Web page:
Coronavirus (COVID-19): We are closely monitoring advice from the World Health Organization, the Centers for Disease Control and Prevention and local health departments for their latest updates and guidelines.

The well-being of our delegates, speakers and staff are our paramount priority and we will take all necessary and recommended action for each of our events

Event information

Event date postponed - revised date to be released shortly

Venue: The Peninsula Paris, 19 Avenue Kléber, 75116 Paris, France

Overview

The role of the general counsel and senior in-house advisors is in a constant state of change and expansion. Increasingly, counsel are being tasked with engineering privacy policies, defending against cyber threats, owning disputes and ensuring compliance with an ever-growing array of regulations – all the while taking ownership of the day-to-day legal challenges which directly affect the bottom line of the business.

GC Summit France invites the most esteemed in-house counsel from France’s most prolific companies, to discuss their changing roles as in-house leaders and the challenges, issues and opportunities they are facing in 2020 and beyond. Between comprehensive panel discussions and the opportunity to meet and engage with fellow in-house counsel, GC Summit France promises to be a practical, forward-looking event bringing together the region’s top legal minds.

Agenda

GC Summit Paris 2020
2.00pm Registration
2.45pm Opening remarks
Time TBA An Insight into Data Protection and Cyber Security

Acknowledging the critical concepts of data protection and cyber security, this panel will focus on the most effective ways to stay up to date with challenges posed by existing and incoming regulations and threats. The panel will discuss effective, workable and business-oriented solutions that are needed for organisations to be as safeguarded and compliant as possible, and where general counsel can prove to be the leading lights within their business in successfully navigating these challenges.

Discussion points may include:

  • Harmonization and the relationship between cross-border data transfers
  • How can you protect your IP when it is intangible?
  • Best practices of cyber security management and the role advisory firms play in protecting international companies.
  • Evaluating the legal regulation and mechanisms of cross-border data transfers
  • The impact of data protection in artificial intelligence
  • Win the hearts and minds of the business to develop a culture willing to embed data protection
  • Practically consider the impact of the proposed e-privacy regulation
Time TBA Global Investigations

This panel will cover global investigations, involving the pros and cons of self-reporting as well as dedicated discussion surrounding whistleblowing, including practical dilemmas and solutions concerning safe channels of communications, best practices and key “do”s and “don’ts”. The panel will also consider the question of whether or not to “out-source” whistleblowing communication channels, as well as cover internal investigations and anticorruption due diligence of commercial parties. GDPR related risks and whether there are any solutions to avoid them will also be discussed, as well as if they are covered by legal privilege, and if so, who, what and to what extent is or is not covered by such privilege?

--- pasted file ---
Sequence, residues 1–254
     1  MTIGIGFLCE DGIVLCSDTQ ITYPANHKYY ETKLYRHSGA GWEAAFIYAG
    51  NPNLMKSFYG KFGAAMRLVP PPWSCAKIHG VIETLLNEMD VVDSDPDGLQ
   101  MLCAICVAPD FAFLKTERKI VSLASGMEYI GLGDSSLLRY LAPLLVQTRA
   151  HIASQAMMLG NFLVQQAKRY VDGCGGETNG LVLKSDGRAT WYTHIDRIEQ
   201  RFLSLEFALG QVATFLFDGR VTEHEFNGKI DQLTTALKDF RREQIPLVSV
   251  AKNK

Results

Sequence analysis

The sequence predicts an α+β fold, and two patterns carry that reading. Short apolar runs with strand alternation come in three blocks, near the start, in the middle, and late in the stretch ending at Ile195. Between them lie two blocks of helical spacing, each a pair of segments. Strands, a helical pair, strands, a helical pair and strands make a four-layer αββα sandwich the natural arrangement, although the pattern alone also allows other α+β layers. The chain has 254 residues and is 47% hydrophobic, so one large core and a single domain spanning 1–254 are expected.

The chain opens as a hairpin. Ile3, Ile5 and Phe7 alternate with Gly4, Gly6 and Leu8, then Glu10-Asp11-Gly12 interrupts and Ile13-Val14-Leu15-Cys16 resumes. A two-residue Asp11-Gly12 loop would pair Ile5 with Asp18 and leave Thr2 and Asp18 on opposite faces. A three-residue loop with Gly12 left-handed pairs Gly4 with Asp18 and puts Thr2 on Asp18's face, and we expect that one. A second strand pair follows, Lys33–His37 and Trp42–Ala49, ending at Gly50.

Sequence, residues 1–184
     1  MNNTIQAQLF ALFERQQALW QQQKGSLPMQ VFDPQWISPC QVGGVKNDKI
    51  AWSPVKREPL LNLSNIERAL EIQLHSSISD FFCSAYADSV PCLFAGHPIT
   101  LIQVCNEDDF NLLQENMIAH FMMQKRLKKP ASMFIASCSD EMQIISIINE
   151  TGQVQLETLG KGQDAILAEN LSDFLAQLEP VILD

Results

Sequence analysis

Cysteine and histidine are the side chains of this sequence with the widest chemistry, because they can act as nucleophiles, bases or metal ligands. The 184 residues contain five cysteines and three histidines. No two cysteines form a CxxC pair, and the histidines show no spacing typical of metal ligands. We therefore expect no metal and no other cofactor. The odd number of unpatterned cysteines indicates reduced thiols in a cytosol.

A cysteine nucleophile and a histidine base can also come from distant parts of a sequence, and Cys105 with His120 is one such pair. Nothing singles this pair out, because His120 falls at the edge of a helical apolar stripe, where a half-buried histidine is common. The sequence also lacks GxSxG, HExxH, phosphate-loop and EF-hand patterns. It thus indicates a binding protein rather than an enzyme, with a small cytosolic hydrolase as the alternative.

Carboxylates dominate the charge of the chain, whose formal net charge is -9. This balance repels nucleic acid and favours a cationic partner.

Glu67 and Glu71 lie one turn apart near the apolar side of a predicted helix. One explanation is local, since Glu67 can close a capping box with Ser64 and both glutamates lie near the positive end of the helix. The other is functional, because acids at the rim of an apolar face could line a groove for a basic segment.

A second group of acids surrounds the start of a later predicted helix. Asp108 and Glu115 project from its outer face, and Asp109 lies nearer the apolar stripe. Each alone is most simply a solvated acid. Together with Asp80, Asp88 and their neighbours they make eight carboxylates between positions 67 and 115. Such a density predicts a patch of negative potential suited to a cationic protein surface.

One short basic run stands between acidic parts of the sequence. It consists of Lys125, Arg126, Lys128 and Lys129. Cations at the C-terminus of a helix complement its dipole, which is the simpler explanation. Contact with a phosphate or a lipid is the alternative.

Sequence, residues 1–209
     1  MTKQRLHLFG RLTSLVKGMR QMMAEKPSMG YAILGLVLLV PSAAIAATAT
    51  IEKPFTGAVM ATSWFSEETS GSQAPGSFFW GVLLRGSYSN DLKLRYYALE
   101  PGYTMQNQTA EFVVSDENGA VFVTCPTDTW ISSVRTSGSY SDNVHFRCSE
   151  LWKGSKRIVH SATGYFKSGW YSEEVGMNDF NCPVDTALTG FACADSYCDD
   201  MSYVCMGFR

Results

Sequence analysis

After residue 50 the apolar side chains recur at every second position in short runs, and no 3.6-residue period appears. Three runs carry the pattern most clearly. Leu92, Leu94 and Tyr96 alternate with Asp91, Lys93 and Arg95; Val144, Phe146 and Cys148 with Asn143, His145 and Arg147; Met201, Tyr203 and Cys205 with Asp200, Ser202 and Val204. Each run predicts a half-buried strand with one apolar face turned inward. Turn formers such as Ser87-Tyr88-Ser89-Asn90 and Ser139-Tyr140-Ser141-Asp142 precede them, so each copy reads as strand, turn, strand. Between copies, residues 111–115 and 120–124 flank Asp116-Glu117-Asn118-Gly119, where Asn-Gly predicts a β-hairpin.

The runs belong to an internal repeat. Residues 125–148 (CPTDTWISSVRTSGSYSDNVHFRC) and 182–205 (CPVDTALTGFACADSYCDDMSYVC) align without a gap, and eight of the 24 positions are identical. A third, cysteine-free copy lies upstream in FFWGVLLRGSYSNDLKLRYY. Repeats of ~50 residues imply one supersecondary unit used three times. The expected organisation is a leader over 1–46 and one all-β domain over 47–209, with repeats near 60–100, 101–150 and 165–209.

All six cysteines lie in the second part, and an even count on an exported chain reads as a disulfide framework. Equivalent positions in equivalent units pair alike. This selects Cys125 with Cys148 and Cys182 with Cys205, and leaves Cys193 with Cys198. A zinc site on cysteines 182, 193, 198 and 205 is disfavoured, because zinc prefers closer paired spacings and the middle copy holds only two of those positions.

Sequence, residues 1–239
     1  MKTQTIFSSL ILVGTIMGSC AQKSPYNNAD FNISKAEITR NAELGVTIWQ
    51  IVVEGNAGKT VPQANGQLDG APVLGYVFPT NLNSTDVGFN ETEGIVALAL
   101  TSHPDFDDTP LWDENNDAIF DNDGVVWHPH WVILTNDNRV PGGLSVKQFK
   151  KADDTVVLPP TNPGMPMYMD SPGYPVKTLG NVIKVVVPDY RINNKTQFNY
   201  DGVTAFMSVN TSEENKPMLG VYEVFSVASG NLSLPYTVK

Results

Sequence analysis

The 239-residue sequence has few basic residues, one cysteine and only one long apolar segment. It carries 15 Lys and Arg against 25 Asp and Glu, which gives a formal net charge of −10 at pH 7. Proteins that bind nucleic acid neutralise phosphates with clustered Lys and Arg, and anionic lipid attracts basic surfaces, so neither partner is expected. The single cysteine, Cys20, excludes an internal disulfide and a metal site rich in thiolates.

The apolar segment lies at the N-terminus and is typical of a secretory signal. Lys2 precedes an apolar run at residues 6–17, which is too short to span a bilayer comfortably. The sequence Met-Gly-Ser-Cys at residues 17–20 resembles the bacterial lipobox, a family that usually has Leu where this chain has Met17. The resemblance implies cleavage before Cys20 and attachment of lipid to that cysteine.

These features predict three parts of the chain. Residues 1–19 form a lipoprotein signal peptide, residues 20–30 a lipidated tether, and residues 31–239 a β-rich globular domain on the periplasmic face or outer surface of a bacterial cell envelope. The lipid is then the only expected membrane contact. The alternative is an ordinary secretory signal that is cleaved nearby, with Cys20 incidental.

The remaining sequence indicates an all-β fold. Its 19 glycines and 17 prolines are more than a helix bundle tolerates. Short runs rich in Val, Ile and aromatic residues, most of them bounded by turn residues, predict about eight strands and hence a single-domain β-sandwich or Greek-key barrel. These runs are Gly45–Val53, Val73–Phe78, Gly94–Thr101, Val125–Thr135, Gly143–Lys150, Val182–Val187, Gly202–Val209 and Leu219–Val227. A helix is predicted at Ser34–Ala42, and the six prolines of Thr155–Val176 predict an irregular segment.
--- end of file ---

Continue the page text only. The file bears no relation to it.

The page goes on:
Discussion points may include:

  • How do organisations approach the question of self-reporting?
  • While this can enable a company to demonstrate a culture of good compliance and to move quickly to remediate and disclose, it can limit a company’s ability to control disclosure of the internal investigation. Is there a “right answer” when it comes to knowing when to self-report?
  • Do the benchmark discounts on penalties make self-reporting the best course of action? E.g. the Foreign Corrupt Practices Act (FCPA) programme talks of a 50% discount available to companies that self-disclose and then later self-report.
  • How are companies developing effective whistleblowing mechanisms? Have they established a reportable concerns office and a whistleblowing champion?
  • Are companies concerned about civil litigation arising in parallel to the criminal investigation? Have they conducted risk assessments on the disclosure and privilege issues that may arise in in common law countries?
Time TBA Economic sanctions

Where encountered, economic sanctions can pose a critical threat to the function of business. The importance of ensuring sufficient resources and planning have been allocated to deal with these threats is therefore of a vital nature. This panel will discuss a number of different points relevant to in-house counsel about economic sanctions, including the risk of compliance failures, due diligence, reputation management and appropriate frameworks that can be put in place to ensure exposure to and damage from sanctions is either limited or avoided entirely.

Discussion points may include:

  • Contextualising sanctions: What do sanctions mean for the economy, market sector and overall business plans in a given region, and what can compliance failures mean for an organisation?
  • Due diligence: How can GCs ensure appropriate precautions are taken to avoid problems related to economic sanctions, and are considered before a decision to invest is taken?
  • Reputational aspects: How in-house counsel can assist during crisis management discussions with the business, in the event that sanctions have been imposed and are affecting business, or are damaging an organisation’s reputation.
  • Liaison: What systems, frameworks or resources are in place that can be drawn upon if economic sanctions arise?
6.35pm Closing remarks
6.45pm Networking drinks and canapes

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